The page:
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History Identification please?!

Discussion in 'The Hokey Ass Message Board' started by 64T-bolt, May 17, 2015.

  1. Barn Find
    Joined: Feb 2, 2013
    Posts: 2,317

    Barn Find
    from Missouri

    Pretty sure Cord had aluminum heads. And transmission on the wrong end, of course. Just in case you find one of those...
  2. The37Kid
    Joined: Apr 30, 2004
    Posts: 28,400


    [​IMG]Here is the OAKLAND V8 at INDY. Bob
    volvobrynk likes this.
  3. mgtstumpy
    Joined: Jul 20, 2006
    Posts: 8,920


    This is a 251-cid 1930 Oakland V8. It has two block castings 90 degrees apart and cast integrally with the crankcase. The horizontal valves are operated directly by rocker arms working from a centrally located, chain-driven camshaft.
    This 1932 Pontiac V-8 is the Oakland engine with the synchronizer moved to the left side instead of the right. It also has a higher 5.2:1 compression ratio and more horsepower. You may see different details in the Pontiac version.
    catdad49 and volvobrynk like this.
  4. I don't think NAPA has those head gaskets in stock...:rolleyes:
    73RR and volvobrynk like this.
  5. 64T-bolt
    Joined: Aug 6, 2007
    Posts: 170

    from Kansas

  6. Close but not completely correct. GM purchased Oakland in 1909 and it was a division of GM along with Chevrolet, Oldsmobile, Buick, and Cadillac. GM launched several lower priced 'companion brands' in the 1920's to fill pricing gaps in its lineup: Oldsmbile launched the Viking, Buick the Marquette, and Cadillac the LaSalle. Eventually these three lower priced brands were discontinued. Oakland launched the Pontiac in 1926 as its lower price companion and the Pontiac outsold the Oakland every year so overwhelmingly that GM discontinued Oakland after 1931 and changed that division's name from Oakland to Pontiac Motors. It's the only offspring brand to ever outlive its parent. Pontiacs were six cylinders from 1926-1931. Oakland launched the flathead V8 shown above in 1930 and carried over into 1931. When the Oakland was discontinued, they still had several of the Oakland V8's left over and offered them in the 1932 Pontiacs until they ran out-none were manufactured in 1932. Then Pontiac released the flathead Inline 8 in 1933.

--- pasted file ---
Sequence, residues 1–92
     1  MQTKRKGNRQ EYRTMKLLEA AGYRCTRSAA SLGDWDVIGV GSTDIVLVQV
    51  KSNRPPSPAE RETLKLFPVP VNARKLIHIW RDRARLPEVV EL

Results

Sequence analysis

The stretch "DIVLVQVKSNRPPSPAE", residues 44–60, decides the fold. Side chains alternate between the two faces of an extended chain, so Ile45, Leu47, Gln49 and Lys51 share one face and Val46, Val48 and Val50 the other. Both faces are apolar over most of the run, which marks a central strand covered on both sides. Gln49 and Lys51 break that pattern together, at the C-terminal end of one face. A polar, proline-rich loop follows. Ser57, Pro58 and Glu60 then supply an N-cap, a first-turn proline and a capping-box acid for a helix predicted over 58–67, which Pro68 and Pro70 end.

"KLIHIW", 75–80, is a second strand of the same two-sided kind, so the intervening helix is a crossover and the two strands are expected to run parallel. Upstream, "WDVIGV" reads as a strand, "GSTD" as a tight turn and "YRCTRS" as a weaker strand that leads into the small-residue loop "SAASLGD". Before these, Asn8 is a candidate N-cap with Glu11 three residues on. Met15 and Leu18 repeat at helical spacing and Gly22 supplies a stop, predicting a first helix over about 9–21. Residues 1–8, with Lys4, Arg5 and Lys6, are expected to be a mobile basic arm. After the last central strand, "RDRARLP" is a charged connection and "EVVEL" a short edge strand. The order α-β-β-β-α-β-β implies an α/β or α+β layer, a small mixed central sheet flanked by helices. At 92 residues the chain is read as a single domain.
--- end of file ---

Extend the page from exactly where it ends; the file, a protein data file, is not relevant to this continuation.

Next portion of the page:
These Oakland V8s produced something like a whopping 85 hp; but, that was alot for 1930. They also had a strange 180 degree crank that produced a terrible vibration, so Oakland engineers design a unique motor mount system for this motor in which it is mounted on thin leaf springs to the frame, which absorbed some of the vibration. The new inline 8 for 1933 took care of the vibration thus it would be many years before Pontiac would begin exploring another V8 design.
    catdad49 and Binger like this.
  7. Binger
    Joined: Apr 28, 2008
    Posts: 1,731

    from wyoming

    Great information on the history of GM.

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